NASHVILLE — When the Tennessee Titans came 35 minutes from an appearance in Super Bowl LIV, a wildly effective offense got them there. Quarterback Ryan Tannehill’s insertion into the line-up saved their 2019 season.
Tennessee’s quarterback has been on a tear since then and has his team at 10-4. Still, heading into a 2020 Primetime Showdown at Lambeau Field, the NFL still largely views him as Derrick Henry’s sidekick.
Tannehill’s cold-blooded efficiency since taking over as the Titans starter solidifies him as one of the league’s elite. Per the team’s PR, he needs on six more passing touchdowns to eclipse George Blanda’s franchise single-season record of 36 in 1961. Tannehill already holds the title for the most consecutive games with a passer rating of at least 100.0. The latest outing saw him notch five total touchdowns (3 passing, 2 rushing) with no turnovers en route to a 46-25 romp of the Detroit Lions (5-9).
Still, no respect.
Being one of the NFL’s best at a position can go easily unnoticed, apparently.
Two players from Tennessee (Henry and A.J. Brown) were elected to the 2021 Pro Bowl. The game itself will not be played this year due to the global pandemic but there are always incentives attached to it in NFL contracts. Personal accolades are always nice, too. Tannehill, though, ranked as this year’s most egregious snub.
Patrick Mahomes’ selection makes the most sense and Josh Allen’s emergence could not be ignored. But, Deshaun Watson over Tannehill reminded us all of one thing that gets annually forgotten.
There are few greater shams in professional sports than how one gets sent to the Pro Bowl.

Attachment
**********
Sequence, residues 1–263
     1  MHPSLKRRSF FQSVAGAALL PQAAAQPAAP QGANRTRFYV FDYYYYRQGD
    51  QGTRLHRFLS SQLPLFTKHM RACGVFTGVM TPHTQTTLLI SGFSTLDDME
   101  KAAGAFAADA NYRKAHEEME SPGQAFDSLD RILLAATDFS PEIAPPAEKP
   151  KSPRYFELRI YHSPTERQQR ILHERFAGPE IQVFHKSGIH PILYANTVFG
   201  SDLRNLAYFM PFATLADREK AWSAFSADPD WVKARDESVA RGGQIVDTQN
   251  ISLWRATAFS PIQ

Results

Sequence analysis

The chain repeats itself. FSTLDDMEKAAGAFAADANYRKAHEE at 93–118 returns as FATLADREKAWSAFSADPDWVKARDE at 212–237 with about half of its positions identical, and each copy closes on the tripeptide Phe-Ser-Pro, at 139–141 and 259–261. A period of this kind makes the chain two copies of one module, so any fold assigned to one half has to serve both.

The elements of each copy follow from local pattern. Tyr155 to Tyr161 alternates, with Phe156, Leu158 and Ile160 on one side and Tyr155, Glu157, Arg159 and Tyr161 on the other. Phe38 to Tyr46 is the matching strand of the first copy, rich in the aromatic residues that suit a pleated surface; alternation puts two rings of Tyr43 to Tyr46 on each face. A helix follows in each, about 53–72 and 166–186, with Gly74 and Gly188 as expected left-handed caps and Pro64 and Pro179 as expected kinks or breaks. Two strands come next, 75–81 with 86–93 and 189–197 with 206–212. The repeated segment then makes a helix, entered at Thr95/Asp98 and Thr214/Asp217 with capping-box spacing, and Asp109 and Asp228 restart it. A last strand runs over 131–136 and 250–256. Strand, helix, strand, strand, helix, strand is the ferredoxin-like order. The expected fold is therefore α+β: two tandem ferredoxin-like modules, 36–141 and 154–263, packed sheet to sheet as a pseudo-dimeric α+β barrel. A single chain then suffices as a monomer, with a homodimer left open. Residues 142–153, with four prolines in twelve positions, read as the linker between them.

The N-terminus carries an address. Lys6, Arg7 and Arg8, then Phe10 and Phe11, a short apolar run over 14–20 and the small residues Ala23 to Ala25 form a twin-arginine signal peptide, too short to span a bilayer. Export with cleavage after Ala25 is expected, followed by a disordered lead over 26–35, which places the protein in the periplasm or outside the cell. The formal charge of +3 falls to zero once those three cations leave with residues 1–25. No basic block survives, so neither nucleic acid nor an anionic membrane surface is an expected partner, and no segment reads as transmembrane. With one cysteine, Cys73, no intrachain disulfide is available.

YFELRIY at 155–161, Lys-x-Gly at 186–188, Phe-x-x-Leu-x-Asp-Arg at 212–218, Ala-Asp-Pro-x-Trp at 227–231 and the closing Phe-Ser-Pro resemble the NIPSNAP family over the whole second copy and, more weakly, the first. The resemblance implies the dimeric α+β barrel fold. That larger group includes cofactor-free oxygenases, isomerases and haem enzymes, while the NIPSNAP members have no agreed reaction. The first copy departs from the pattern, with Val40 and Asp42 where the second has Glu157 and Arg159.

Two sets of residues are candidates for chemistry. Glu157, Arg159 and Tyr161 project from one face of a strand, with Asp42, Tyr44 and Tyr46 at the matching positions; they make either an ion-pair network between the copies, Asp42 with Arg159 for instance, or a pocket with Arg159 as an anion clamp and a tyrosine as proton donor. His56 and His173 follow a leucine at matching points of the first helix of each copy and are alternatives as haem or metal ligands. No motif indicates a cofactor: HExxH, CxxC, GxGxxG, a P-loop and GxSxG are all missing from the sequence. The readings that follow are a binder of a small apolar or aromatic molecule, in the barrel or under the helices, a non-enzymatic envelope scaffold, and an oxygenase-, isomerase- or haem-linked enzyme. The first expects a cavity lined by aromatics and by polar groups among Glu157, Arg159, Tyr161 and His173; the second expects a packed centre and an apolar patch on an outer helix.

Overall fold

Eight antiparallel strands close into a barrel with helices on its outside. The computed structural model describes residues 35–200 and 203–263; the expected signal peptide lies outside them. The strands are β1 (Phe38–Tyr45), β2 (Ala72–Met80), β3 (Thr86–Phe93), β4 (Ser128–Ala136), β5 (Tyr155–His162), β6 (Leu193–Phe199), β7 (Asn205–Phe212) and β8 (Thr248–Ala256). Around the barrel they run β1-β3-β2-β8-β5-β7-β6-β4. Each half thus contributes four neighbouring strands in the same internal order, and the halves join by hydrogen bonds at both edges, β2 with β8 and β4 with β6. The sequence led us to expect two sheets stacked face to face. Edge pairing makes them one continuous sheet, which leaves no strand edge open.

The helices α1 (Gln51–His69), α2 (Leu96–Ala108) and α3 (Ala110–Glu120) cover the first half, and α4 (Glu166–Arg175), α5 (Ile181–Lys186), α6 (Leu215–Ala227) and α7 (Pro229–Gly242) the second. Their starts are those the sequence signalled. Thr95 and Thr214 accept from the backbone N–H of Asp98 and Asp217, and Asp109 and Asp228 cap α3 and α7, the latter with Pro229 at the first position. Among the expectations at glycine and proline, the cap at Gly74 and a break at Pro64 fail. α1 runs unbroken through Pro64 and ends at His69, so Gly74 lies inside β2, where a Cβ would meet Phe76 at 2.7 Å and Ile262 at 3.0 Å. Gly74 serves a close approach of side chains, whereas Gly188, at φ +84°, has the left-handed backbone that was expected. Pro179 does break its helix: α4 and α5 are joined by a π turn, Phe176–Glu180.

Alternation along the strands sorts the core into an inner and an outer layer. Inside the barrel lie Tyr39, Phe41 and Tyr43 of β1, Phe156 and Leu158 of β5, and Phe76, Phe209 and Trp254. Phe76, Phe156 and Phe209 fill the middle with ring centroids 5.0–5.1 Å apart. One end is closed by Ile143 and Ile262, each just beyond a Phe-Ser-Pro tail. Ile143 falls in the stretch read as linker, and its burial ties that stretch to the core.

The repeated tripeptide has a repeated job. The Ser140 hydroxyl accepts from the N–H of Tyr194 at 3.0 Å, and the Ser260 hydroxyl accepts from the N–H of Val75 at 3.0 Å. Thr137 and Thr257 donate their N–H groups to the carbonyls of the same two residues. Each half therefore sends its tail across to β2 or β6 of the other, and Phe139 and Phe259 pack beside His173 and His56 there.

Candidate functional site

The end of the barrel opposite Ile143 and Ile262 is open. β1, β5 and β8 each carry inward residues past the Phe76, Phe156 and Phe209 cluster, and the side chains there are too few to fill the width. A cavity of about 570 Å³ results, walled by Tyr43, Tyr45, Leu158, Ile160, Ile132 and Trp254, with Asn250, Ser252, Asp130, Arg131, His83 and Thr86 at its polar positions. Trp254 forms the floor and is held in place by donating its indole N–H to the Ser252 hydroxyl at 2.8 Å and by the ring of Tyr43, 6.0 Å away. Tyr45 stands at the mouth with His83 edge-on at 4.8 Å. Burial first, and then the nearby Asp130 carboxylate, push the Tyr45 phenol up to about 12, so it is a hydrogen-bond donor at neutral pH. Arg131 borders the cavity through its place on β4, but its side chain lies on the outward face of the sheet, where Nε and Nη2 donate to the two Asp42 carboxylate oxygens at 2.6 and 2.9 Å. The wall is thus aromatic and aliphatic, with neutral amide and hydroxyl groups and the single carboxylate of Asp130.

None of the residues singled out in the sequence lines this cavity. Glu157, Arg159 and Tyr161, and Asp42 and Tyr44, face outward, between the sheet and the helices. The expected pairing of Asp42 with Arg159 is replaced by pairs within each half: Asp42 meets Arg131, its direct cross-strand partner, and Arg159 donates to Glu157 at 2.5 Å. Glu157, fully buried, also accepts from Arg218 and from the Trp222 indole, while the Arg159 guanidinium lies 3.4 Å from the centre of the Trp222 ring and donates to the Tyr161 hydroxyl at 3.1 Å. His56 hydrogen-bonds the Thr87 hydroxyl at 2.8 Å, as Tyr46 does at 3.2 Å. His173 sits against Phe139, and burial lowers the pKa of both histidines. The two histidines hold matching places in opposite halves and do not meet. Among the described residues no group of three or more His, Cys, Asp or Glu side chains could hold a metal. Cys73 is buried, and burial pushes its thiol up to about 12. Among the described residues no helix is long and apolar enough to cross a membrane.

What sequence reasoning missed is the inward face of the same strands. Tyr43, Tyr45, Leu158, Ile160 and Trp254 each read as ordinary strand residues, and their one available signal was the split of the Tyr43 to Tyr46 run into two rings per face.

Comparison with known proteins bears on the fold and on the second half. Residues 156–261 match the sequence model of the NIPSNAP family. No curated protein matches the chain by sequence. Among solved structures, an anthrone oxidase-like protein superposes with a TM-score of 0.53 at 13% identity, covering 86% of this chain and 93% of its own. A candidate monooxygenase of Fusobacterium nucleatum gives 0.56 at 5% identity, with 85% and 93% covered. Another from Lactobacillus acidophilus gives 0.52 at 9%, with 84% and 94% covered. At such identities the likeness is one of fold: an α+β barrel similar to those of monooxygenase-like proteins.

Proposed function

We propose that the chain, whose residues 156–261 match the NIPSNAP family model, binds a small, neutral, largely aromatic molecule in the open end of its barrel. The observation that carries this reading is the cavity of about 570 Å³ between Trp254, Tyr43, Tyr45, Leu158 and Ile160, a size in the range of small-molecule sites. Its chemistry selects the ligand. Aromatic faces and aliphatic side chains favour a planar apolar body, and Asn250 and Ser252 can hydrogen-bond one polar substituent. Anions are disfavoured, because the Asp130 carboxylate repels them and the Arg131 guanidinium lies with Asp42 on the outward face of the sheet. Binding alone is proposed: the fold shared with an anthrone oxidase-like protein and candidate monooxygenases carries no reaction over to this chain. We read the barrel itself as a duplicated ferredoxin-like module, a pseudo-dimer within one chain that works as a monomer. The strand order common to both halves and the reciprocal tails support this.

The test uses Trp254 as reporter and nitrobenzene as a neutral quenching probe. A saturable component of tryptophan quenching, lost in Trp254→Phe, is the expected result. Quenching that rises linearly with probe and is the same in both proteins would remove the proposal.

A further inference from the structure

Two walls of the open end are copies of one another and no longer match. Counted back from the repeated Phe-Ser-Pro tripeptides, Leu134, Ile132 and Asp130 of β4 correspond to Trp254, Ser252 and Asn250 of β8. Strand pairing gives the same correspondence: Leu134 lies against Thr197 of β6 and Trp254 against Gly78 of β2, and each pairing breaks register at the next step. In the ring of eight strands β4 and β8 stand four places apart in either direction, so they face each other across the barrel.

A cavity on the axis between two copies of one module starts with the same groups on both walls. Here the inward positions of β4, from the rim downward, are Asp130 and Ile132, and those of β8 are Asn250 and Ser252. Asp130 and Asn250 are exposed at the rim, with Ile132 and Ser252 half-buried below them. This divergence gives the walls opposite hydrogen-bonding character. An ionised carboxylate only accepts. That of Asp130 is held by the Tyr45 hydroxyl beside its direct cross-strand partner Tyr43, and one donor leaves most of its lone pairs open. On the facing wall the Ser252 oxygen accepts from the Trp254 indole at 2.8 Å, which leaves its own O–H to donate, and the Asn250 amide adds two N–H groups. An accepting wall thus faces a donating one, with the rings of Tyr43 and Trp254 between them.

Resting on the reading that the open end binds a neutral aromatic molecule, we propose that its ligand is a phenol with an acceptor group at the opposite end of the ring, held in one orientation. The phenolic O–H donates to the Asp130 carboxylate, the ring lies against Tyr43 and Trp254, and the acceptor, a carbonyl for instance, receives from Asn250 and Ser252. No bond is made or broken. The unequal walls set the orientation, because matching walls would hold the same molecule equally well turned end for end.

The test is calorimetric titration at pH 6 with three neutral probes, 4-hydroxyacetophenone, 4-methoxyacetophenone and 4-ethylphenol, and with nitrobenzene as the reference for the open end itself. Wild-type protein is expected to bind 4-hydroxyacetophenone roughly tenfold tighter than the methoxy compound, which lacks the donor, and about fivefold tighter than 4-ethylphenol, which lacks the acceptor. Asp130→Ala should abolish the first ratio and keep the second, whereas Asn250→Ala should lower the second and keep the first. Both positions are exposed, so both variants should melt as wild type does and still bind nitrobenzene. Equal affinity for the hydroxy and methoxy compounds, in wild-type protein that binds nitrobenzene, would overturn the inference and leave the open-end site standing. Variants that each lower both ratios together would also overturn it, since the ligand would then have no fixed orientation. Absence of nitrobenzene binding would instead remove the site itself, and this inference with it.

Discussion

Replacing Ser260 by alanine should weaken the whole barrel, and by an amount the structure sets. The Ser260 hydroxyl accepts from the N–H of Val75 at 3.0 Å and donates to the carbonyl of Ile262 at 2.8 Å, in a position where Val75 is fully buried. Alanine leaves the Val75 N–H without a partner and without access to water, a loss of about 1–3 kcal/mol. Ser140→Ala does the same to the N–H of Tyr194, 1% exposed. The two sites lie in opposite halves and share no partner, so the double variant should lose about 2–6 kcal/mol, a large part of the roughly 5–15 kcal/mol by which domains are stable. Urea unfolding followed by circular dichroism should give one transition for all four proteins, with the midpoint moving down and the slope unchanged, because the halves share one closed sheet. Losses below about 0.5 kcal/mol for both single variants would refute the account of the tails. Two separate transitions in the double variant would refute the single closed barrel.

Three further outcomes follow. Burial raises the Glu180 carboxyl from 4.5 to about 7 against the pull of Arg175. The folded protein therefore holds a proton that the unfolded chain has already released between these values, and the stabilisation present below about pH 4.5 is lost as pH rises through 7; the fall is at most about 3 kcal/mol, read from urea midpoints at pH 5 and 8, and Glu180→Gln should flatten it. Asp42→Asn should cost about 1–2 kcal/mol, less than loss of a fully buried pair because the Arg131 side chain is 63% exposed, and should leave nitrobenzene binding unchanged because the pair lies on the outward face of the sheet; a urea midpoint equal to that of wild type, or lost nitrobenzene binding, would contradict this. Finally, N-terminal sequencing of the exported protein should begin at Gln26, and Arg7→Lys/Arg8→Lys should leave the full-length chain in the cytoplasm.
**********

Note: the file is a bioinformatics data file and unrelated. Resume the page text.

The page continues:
“I was frustrated Monday night,” Tannehill said Wednesday. “I’m biased. I thought it should’ve happened, but it didn’t. I’m not going to waste time and energy on what’s in the past, just trying to get ready for the Packers.”
Drink if you are tired of hearing about Tennessee as a small market team.
Unfortunately for all parties involved, it’s still true.
Tannehill ranks first in Quarterback Rating (113.3) and yards per attempt (8.69) in the last two seasons, per CBS Sports. His 69.3 completion percentage in that same span puts him in fifth place, he is sixth in wins (18) and seventh in touchdown passes (53). The Titans offense with Tannehill under center has scored the most points in football this season (436) and is tied for first with the 13-1 Kansas City Chiefs at 31.1 points per game.
Nationally, people think all he does is hand off to Henry.
“That perception is definitely out there,” said Tannehill. “I don’t think there’s any doubt about that. I can’t control that. I’ve just got to go out there and do the best I can do each and every week and the rest takes care of itself.”
Stay In Your Lane
Tennessee’s head coach could care less about numbers or nominations.
“I think that Ryan (Tannehill) is comfortable in who he is and not trying to be somebody else,” Mike Vrabel said Wednesday. “He has tried to embrace what we want to do here, been accurate with the football. He’s been decisive. He hasn’t been reckless with the football for his own personal benefit. Toughness that we’ve talked about. You appreciate that. You have to have faith in the quarterback to go out there and take care of the football. It’s been a huge reason that we’ve been able to win the games that we’ve won, is our ability to take care of the football but also make plays in doing so.”
That comfort level has produced 31 passing touchdowns, four more on the ground, 3,655 total yards, 8.1 yards per attempt and a completion percentage of 66.5. Offensive coordinator Arthur Smith will be a head coach in the league next year, wide receivers Corey Davis and A.J. Brown could both finish with over 1,000 yards receiving and a legitimate passing game has freed up Henry to likely defend his title as the NFL’s rushing champion.
None of it happens without Tannehill.
In the case of silliness like the Pro Bowl, that perception creates reality. It matters not for the Titans’ offense.
Featured Image: Christopher Hanewinckel-USA TODAY Sports.